If your employer asks you to write a self-evaluation, it's not necessarily because he is lazy or indifferent. In some instances it could be that he lacks a clear idea of all the tasks you actually perform or what type of training you need to perform those tasks better. Employee self-evaluations are also an opportunity for management to gauge your enthusiasm, confidence and ambition in a context that may not present itself in regular workday interactions.
Scope of Responsibilities
If your job description has not been updated from the time you were first hired, there may be a chance that it fails to reflect new duties you have assumed or old tasks that have been eliminated as a result of technology, streamlining or irrelevance. Since employee evaluations are used to assess your readiness for promotions, it's critical that you provide a thorough overview of your current responsibilities, projects and active interface with clients, vendors and company personnel. Through examples, demonstrate how you have taken the initiative to redefine and enhance your role for the company good.
Use your employee self-evaluation as an opportunity to toot your own horn and claim ownership of your ideas and innovations that have saved the company time and money, resolved significant problems, improved working conditions and increased the company's visibility in a positive way. Use active verbs, incorporate statistics and reference any awards, commendations or accolades you have earned in the performance of your job.
References to training classes in self-evaluations serve two purposes. The first is to let your supervisor know that you are not as comfortable with your job duties as you feel you could be. Perhaps you received insufficient training when you were hired or were not given the appropriate resources to teach yourself. Identifying the classes you feel would help you is a demonstration of your sincerity to give your employer your very best efforts. Second, your employer may not know what your career objectives are unless you communicate that readiness for new challenges and experiences. Identify classes and workshops that will build on your existing skills and knowledge and prepare you for promotional or lateral opportunities within the company.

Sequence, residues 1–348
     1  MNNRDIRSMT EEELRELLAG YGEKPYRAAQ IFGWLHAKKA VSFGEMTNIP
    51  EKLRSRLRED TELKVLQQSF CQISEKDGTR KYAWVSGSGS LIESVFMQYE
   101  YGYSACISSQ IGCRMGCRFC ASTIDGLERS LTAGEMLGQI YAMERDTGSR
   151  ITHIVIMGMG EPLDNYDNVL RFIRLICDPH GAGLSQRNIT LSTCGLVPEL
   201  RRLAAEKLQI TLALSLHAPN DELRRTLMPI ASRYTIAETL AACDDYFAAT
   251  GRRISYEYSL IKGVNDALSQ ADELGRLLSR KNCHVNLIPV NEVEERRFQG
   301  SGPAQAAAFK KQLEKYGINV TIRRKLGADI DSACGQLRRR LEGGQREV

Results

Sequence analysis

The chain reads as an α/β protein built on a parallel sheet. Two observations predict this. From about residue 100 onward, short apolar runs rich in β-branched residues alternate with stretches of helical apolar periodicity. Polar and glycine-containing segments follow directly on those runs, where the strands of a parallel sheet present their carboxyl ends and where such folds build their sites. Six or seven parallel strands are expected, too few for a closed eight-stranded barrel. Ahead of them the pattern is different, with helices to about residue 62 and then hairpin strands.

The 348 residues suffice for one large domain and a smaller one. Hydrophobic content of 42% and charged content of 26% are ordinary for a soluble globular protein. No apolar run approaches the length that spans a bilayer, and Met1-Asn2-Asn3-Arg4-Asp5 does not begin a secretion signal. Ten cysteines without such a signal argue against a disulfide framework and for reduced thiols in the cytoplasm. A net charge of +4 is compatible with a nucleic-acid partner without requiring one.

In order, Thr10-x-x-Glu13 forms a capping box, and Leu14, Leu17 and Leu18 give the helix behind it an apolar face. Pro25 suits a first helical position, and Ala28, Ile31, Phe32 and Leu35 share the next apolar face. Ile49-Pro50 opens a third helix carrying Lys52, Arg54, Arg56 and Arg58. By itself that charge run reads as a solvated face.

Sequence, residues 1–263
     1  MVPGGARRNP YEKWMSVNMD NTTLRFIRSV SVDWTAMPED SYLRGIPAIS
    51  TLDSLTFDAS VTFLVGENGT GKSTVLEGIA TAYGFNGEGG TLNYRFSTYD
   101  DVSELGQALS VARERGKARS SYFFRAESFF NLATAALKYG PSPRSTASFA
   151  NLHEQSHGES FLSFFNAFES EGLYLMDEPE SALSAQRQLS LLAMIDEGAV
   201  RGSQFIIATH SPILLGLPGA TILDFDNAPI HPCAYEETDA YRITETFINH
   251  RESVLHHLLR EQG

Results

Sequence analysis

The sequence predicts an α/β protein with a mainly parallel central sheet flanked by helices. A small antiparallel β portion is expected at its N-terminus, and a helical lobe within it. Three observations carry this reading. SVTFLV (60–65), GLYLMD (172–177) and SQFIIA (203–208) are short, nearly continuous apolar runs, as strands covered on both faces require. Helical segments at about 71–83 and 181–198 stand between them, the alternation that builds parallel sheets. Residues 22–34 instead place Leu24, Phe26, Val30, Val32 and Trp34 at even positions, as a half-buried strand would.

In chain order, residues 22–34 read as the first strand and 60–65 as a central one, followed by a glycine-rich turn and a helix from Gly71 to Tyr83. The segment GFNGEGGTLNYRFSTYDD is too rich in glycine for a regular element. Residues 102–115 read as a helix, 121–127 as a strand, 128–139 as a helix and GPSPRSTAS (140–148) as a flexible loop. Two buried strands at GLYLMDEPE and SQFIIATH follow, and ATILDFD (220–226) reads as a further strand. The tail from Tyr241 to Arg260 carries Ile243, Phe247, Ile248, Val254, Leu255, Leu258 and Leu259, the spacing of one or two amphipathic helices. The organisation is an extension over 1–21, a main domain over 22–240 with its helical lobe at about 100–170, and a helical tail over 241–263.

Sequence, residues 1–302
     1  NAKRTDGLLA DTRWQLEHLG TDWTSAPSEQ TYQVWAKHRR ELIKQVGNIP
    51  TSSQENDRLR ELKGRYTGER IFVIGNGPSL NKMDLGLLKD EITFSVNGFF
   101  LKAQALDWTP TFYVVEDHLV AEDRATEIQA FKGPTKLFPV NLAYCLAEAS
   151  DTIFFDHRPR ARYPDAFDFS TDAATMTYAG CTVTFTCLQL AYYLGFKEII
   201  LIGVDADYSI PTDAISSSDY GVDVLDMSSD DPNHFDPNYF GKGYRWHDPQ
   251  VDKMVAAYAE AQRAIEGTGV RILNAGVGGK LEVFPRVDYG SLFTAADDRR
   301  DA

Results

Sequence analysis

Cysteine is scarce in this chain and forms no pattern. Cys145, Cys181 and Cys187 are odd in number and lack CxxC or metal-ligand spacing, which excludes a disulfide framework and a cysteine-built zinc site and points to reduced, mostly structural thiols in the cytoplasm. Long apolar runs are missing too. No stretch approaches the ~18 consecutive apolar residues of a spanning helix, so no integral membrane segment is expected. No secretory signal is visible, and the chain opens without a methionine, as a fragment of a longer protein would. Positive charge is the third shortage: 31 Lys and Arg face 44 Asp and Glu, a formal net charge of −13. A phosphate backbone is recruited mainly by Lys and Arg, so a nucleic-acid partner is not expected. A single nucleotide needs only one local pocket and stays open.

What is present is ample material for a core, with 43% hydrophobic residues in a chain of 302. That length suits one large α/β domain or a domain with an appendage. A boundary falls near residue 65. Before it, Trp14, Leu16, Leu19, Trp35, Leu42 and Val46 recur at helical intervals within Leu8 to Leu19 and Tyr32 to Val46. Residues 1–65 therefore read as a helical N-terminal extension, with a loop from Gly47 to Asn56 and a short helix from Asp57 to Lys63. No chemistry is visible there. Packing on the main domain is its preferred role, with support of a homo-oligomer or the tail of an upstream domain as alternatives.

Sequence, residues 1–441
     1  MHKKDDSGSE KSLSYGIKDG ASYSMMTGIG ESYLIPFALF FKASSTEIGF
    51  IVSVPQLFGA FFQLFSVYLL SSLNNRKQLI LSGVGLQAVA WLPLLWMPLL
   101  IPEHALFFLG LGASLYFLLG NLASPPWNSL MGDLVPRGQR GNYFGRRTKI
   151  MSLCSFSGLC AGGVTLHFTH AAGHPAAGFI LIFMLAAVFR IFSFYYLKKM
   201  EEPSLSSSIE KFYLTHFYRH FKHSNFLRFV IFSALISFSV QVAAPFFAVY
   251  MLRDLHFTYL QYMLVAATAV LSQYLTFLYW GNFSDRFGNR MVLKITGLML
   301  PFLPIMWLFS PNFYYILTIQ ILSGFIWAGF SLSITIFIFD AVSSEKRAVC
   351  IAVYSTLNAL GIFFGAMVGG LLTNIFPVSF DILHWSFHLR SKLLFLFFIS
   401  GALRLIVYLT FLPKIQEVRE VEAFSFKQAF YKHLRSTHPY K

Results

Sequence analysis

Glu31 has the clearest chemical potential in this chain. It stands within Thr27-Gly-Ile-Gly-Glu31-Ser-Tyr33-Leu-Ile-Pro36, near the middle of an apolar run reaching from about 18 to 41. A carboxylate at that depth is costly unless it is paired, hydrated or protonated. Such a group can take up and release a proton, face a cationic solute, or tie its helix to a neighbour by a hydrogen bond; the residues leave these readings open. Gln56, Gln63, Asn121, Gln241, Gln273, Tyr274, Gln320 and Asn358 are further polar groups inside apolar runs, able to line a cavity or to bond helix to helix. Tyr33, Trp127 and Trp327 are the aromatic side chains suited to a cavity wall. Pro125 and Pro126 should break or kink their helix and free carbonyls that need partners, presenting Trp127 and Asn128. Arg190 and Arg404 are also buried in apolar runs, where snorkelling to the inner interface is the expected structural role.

Self-evaluation also provides a chance to express ideas about what you hope to accomplish between now and the next performance review. You may, for instance, want to increase your personal sales quotas, reduce your staff's absenteeism or transition to a paperless office. Articulate reasonable goals, methodologies and time frames. Where applicable, request management's assistance in helping you achieve these objectives.
- "Perfect Phrases for Performance Reviews"; Douglas Max, Robert Bacal; 2010
- "Performance Appraisal Phrase Book: The Best Words, Phrases, and Techniques for Performance Reviews"; Corey Sandler, Janice Keefe; 2003
- "How to Make Performance Evaluations Really Work: A Step-by-Step Guide Complete With Sample Words, Phrases, Forms, and Pitfalls to Avoid"; Glenn Shepard; 2005
Ghostwriter and film consultant Christina Hamlett has written professionally since 1970. Her credits include many books, plays, optioned features, articles and interviews. Publishers include HarperCollins, Michael Wiese Productions, "PLAYS," "Writer's Digest" and "The Writer." She holds a B.A. in communications (emphasis on audience analysis and message design) from California State University, Sacramento. She also travels extensively and is a gourmet chef.